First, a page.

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Do your kids feel overlooked? Try these simple ways to give them one-on-one attention.

“I’m going to ran away. I bet you won’t even no.”

Although her spelling wasn’t perfect, the meaning of her note was clear. My 6-year-old daughter, Julia, was feeling neglected. Less than a year before, I’d married Eric, a single father with two kids, and overnight Julia went from being one of two kids to one of four. The week before I’d received Julia’s note, Eric and I had shared the happy news that I was expecting a baby. Julia, who’d always been the youngest of the family, was struggling.

As I read her note, I knew that something had to change. I thought I was doing the best I could to make time for each child, but I had to admit that my home was running more like an assembly line than a warm place to raise children. The kids had become items on my to-do list. Homework? Check. Dinner? Check. Bedtime prayers? Check.

They needed more one-on-one attention, but how would I squeeze that in? That’s when I realized that a few small changes throughout my day could make a big difference for the kids without adding extra tasks for me.

Choose an errand buddy

I usually did our grocery shopping and other errands on the weekend when my husband could stay home with the kids, but I realized I was missing a perfect opportunity to spend time alone with one child. I still run errands on the weekend, but now my kids take turns accompanying me. I’m amazed at how many great conversations we have during my weekly errands. And it doesn’t take any more time.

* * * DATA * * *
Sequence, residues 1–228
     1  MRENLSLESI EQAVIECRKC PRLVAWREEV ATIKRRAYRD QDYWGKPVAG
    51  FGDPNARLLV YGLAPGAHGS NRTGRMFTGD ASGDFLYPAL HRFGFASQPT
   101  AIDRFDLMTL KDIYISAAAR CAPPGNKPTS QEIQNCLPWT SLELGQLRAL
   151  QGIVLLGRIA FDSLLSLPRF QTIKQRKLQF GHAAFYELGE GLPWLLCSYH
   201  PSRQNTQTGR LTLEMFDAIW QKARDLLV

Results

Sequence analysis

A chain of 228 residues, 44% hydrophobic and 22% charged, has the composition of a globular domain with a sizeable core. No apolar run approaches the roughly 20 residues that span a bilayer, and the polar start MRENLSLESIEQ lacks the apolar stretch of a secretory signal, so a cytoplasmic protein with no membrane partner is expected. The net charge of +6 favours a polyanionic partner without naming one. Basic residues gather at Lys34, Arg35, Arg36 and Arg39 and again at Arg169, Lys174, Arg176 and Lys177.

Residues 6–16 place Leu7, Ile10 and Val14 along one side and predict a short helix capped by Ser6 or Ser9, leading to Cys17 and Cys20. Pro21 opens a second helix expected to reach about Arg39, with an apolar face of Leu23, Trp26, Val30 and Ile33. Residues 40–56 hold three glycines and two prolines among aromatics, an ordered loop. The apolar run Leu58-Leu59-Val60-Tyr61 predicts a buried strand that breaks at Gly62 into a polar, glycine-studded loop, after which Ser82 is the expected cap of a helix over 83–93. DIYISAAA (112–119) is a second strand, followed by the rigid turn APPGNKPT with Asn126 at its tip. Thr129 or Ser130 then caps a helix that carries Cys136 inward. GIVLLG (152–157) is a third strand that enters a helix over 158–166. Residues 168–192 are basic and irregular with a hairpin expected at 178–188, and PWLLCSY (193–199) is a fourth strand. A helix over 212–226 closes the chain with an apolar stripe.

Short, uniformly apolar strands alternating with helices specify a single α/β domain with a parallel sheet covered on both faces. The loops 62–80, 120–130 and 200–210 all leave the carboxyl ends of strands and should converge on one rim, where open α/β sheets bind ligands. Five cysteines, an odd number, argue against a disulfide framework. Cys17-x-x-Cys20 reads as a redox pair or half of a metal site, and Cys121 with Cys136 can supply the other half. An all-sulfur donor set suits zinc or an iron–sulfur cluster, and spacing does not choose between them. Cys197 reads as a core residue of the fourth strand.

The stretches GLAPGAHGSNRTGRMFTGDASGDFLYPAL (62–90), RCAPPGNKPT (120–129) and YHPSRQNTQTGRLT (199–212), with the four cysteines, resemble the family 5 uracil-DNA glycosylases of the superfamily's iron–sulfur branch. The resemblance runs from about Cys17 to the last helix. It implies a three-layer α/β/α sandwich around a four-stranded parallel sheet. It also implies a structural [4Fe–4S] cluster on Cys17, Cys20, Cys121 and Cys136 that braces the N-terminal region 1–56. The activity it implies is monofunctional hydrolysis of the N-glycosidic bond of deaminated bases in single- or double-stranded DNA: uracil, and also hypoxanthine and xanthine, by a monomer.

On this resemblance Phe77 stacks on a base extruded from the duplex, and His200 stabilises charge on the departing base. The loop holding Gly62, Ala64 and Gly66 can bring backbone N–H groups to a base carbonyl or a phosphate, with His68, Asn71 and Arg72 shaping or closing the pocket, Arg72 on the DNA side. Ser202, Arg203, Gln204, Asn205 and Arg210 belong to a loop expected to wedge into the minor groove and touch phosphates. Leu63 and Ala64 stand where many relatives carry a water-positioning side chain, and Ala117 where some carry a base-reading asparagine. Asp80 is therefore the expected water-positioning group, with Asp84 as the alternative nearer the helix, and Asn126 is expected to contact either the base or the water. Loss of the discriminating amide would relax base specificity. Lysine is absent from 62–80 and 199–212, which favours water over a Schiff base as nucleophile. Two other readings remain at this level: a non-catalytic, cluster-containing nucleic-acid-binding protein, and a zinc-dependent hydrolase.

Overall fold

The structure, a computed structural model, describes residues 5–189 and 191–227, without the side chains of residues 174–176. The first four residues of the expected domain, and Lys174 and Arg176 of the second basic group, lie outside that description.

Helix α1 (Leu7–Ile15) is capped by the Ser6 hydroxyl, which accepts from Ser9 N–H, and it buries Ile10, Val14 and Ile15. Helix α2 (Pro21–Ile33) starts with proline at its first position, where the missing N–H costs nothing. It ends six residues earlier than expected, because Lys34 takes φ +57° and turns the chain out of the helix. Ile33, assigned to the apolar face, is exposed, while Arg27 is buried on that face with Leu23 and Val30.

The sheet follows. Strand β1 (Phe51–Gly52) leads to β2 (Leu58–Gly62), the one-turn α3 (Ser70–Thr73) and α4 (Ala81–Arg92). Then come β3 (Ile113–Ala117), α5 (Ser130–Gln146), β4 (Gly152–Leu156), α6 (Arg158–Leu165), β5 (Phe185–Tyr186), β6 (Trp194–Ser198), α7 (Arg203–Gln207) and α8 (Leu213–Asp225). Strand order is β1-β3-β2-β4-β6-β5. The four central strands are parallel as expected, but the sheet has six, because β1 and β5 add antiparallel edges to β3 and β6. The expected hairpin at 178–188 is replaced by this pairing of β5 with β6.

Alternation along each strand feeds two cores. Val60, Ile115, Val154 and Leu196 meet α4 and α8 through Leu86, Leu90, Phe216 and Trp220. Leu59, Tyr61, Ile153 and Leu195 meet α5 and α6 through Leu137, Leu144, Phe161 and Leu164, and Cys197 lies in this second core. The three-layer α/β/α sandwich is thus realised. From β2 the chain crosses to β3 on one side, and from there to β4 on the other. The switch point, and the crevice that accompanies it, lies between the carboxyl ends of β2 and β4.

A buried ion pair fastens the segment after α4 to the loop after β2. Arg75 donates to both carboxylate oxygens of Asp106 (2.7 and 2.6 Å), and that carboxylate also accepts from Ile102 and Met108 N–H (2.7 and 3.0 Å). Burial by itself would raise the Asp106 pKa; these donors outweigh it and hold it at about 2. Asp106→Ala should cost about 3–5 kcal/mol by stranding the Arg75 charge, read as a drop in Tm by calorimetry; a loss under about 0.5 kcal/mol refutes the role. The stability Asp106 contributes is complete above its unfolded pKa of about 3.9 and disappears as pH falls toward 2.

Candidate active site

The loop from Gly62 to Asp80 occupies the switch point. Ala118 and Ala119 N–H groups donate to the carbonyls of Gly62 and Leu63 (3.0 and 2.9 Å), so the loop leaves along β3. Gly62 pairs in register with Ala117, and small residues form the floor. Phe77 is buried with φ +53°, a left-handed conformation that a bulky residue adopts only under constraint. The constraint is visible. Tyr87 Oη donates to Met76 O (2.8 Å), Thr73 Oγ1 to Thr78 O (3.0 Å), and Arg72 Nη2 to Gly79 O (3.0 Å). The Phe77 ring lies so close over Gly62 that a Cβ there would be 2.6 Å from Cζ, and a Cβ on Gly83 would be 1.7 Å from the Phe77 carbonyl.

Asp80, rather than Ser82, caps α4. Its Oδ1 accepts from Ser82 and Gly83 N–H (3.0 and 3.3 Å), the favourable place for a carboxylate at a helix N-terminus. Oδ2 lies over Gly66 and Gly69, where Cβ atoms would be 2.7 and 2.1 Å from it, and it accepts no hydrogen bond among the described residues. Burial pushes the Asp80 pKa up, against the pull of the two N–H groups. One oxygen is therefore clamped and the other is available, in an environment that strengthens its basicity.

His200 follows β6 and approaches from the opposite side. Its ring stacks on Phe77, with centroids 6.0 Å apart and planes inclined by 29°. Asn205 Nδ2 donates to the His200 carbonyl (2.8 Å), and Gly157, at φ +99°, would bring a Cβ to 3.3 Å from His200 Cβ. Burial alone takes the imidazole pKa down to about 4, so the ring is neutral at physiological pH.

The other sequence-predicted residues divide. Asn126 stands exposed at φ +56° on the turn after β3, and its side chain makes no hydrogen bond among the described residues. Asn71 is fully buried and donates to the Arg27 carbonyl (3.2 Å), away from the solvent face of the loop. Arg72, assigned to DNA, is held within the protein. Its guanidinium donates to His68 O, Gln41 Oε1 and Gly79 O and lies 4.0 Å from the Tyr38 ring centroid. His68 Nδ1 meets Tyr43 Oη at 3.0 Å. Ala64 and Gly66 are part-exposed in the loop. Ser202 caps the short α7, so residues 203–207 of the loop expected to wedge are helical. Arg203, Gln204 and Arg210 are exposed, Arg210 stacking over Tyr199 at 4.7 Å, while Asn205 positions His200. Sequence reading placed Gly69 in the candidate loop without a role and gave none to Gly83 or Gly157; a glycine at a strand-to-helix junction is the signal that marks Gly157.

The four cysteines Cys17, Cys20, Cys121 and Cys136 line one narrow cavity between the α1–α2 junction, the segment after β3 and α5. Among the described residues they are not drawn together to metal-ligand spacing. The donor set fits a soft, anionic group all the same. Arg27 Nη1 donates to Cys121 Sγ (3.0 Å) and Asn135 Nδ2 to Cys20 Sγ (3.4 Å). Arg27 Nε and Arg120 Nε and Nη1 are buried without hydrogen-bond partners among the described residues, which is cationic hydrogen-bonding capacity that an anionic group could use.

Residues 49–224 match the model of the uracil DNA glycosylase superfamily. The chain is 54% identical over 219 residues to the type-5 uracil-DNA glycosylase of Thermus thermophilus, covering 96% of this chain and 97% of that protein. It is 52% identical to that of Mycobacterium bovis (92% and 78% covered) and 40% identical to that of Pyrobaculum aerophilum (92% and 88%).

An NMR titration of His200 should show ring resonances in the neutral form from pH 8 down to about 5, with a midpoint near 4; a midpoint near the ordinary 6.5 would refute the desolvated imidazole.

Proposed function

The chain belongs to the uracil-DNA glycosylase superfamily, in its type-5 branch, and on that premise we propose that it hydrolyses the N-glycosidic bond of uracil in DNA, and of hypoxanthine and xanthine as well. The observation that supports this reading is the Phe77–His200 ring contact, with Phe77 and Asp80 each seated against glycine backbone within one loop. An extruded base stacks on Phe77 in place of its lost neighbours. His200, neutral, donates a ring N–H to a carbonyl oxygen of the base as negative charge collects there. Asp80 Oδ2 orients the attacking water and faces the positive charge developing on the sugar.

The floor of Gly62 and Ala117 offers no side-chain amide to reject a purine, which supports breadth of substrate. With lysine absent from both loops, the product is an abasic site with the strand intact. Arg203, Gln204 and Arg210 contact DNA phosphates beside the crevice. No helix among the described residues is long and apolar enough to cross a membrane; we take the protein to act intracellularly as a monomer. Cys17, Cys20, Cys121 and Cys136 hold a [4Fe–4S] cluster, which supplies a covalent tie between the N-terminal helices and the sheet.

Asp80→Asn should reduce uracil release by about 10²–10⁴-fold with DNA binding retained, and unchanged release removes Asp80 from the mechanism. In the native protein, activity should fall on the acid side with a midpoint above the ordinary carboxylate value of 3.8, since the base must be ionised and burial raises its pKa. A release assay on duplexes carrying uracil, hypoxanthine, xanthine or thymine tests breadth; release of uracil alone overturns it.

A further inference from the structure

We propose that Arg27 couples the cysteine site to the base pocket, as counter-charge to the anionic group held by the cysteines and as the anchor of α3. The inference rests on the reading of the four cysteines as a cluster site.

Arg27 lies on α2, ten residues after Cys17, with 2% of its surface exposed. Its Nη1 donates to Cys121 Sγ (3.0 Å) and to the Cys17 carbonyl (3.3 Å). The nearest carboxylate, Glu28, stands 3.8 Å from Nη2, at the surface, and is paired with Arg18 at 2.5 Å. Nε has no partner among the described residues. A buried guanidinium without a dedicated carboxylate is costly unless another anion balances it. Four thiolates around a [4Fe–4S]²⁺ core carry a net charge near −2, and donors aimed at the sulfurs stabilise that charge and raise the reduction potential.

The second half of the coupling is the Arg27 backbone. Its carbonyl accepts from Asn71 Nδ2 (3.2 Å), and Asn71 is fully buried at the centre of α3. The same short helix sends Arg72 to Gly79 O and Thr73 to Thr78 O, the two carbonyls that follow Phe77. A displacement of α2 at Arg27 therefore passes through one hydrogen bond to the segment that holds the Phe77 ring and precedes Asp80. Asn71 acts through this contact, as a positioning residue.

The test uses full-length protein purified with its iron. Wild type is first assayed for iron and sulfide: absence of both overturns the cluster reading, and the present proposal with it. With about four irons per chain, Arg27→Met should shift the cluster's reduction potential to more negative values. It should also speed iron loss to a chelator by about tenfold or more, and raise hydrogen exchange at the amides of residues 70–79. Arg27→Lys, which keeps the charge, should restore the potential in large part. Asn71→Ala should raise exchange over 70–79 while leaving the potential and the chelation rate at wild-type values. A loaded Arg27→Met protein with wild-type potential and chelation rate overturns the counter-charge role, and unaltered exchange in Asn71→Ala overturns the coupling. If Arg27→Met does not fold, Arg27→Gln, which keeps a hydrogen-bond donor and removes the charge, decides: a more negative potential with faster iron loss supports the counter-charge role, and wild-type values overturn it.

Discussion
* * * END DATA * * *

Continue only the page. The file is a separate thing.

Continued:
My husband does the same thing when he runs errands. His trips usually include a quick detour for an ice cream cone and some one-on-one time.

Allow special selections

During our weekly shopping trip, my errand buddy is allowed to choose some food items to enjoy that week. My son loves eating breakfast foods for dinner, so he almost always chooses bacon and eggs. My stepson loves Italian food, so he selects ingredients for spaghetti or lasagna. My daughter and stepdaughter love desserts, so they usually choose a mix for brownies or cake. Then my errand buddy becomes my cooking or baking buddy, giving us even more one-on-one time.

Allowing each child to select groceries makes our time together more special and enables me to learn more about my children’s and stepchildren’s likes and dislikes. And since I would be grocery shopping anyway, it’s another great way to make each child feel loved without increasing my workload.

Stagger bedtimes

Because my husband often works late, the kids’ bedtime routine falls on my shoulders. My goal was to get everyone in bed by 9, and I was almost always racing through stories and prayers. My impatience was a barrier to forming any true connections.

Then I decided to stagger the kids’ bedtimes. I put the girls to bed at 8:45 and the boys at 9:15. The next night, we switch. This change alleviates the bedtime blitz and allows the kids time to share about their days. It doesn’t take much longer, and I think the kids actually fall asleep more quickly because our bedtime routine is more relaxed.

A few weeks after I’d implemented these changes, I got another note from Julia. This one read, “I like shooping with you and helping with diner. Thank you, Mommy.”

Kids in blended families can feel lost in the shuffle, but small changes to our weekly routine can help us find pockets of time to make each child feel special.

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